If you use VPN, you probably want to keep your online activities private and clear from hackers or those snooping around on public networks. Instead of using VPN browser extensions, Incogniton can be a much better option.
Incogniton is an anti-detect browser and much safer than VPN browser extensions. You will be able to enact whatever level of anonymity you may require in your internet usage.
With Incogniton, you can replace multiple computers with virtual browser profiles and still be assured that your data is safe and private. Each user profile gets a unique browser fingerprint and this enables them to go beyond internet tracking techniques like canvas fingerprinting.
You will enjoy all these features while still being able to do your normal internet browsing. Incogniton is a user-friendly web browser and it is compatible with both Mac and Windows operating systems.
Browser extensions play important roles in making browsing experiences seamless. However, they also possess the potential to be used as tools for malicious intent like tracking your browsing history, capturing your passwords, and inserting customized ads based on your browsing history.
All these things make browser extensions a huge security threat to your online privacy.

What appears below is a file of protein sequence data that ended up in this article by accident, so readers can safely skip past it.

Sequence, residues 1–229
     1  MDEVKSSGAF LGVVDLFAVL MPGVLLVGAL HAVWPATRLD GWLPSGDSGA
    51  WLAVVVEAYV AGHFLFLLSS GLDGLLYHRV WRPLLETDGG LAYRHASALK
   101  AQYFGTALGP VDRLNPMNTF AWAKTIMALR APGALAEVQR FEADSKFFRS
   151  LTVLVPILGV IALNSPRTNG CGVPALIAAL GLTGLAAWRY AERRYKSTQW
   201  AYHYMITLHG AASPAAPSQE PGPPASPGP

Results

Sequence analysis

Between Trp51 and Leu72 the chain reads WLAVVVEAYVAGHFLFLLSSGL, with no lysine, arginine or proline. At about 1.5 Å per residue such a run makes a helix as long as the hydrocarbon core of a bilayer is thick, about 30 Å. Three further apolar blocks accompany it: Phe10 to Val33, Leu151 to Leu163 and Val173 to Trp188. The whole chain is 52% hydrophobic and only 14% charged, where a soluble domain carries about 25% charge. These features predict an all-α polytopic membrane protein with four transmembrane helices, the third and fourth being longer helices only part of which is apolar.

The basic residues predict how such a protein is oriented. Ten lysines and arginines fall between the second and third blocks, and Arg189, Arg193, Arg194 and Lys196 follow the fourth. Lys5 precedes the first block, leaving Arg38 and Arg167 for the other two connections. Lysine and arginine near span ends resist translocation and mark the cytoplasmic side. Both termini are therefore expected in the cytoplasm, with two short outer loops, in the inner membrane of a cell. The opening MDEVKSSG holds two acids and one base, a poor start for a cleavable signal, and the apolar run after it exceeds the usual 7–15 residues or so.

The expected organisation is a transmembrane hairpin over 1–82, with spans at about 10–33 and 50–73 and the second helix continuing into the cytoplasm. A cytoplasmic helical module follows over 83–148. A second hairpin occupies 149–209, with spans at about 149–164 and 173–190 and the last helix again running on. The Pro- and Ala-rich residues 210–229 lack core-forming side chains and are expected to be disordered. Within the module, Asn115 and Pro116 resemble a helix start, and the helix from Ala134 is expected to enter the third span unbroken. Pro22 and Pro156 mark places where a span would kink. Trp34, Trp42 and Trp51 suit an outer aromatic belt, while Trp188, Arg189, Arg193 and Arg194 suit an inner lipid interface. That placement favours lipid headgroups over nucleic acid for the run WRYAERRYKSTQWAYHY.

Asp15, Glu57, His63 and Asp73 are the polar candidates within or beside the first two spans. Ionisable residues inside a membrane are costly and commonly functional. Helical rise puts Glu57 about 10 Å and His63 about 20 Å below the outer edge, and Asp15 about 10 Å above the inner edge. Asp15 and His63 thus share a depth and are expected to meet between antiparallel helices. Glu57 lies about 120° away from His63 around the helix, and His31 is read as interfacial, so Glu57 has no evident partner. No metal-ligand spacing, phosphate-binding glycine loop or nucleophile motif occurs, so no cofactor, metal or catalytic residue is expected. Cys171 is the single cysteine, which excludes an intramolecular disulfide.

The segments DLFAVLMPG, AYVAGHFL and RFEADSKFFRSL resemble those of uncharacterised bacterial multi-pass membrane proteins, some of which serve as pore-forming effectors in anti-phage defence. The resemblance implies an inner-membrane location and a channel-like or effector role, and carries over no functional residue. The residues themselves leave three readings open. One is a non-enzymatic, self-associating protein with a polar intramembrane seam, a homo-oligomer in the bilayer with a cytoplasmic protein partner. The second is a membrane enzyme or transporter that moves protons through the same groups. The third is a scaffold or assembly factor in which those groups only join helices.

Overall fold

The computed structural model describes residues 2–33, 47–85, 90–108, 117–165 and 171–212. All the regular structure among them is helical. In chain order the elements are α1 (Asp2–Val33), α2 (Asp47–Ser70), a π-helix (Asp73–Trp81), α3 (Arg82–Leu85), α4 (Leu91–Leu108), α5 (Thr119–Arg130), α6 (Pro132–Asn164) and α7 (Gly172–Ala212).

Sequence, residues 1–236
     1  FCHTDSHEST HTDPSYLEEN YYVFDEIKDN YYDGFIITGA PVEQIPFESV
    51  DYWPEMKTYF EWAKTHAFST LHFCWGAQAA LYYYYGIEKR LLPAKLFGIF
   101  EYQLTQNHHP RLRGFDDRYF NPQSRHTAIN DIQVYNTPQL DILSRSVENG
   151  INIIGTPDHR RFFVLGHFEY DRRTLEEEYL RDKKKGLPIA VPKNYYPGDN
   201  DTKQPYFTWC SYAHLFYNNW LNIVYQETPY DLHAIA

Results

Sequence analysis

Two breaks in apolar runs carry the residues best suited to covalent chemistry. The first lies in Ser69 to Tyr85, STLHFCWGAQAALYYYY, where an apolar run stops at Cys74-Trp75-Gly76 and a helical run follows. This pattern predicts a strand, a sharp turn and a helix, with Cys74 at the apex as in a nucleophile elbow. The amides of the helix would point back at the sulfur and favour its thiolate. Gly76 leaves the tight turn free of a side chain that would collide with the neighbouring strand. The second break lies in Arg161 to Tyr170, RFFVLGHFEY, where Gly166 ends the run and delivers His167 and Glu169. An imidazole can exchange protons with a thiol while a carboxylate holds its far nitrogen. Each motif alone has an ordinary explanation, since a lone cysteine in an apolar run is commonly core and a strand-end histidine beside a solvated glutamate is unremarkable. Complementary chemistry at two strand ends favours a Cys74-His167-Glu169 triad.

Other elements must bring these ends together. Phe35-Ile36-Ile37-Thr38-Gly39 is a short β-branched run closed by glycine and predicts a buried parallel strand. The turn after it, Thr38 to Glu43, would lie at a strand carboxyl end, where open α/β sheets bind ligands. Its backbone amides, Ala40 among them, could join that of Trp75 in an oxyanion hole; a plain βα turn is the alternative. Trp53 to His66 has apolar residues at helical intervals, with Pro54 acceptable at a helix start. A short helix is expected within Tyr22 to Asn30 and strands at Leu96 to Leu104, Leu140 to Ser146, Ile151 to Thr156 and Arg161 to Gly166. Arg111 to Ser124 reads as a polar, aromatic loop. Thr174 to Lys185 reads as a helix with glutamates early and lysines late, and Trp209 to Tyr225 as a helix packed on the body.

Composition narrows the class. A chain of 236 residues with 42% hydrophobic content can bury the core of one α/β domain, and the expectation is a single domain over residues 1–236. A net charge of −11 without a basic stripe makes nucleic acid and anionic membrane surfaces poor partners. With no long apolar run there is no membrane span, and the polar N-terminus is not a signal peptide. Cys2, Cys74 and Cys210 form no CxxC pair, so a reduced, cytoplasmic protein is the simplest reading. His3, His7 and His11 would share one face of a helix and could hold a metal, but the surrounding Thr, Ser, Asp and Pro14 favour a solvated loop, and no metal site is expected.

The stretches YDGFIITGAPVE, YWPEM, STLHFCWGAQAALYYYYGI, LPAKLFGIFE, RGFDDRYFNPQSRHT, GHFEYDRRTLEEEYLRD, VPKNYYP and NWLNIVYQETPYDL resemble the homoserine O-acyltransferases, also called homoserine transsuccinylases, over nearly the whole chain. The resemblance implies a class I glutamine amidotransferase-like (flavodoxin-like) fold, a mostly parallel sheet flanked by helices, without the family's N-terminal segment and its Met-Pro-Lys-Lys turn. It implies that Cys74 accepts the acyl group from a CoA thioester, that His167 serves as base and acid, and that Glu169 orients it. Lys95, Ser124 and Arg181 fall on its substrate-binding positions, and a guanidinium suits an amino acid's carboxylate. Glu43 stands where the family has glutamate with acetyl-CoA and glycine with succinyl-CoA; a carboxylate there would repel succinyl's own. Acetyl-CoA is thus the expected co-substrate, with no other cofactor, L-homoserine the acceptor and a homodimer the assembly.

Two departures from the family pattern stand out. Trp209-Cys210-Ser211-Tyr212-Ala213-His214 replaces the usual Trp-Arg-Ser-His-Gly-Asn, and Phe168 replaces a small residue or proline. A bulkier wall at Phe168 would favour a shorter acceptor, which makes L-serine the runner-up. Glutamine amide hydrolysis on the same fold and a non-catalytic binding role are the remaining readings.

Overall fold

The best way to get the best of browser extensions is to use them sparingly. Do your research to determine an extension’s legitimacy and the kinds of permissions required before you install it. Also, be alert with the ones you have already installed.
In a nutshell, be careful with the use of browser extensions.
Can Websites Detect Extensions?
Ideally, websites are not supposed to detect the presence of extensions in your web browsers. However, certain parts of an extension code make them detectable by websites with browser fingerprinting systems. When these codes are not part of a browser extension source code, they might not be detectable by a website.
Are Chrome Extensions Safe?
Yes and No. It all depends on the source, that’s the developers of the extension. Extensions made by Google, the developer of Chrome, and other big-name tech companies can be trusted to adhere to the strict rules of privacy. However, the case with unknown third-party developers can be tricky. You have to research them and be sure to an acceptable level that you can trust them.
Can Chrome Extensions Have Viruses?
Yes. Hijacked extensions can be corrupted and turned into malware or viruses. In 2020, Avast reported that more than three million users had installed malicious browser extensions on their devices. They identified about twenty-eight of these kinds of malicious extensions and advised that users uninstall or disable these extensions.
Can Chrome Extensions Be Dangerous?
Chrome extensions obtained from questionable sources will be dangerous. Avoid downloading extensions from shady sources or untrusted over-the-air sites. Always download your extensions, if you have to use them, from official stores like the Chrome Web Store.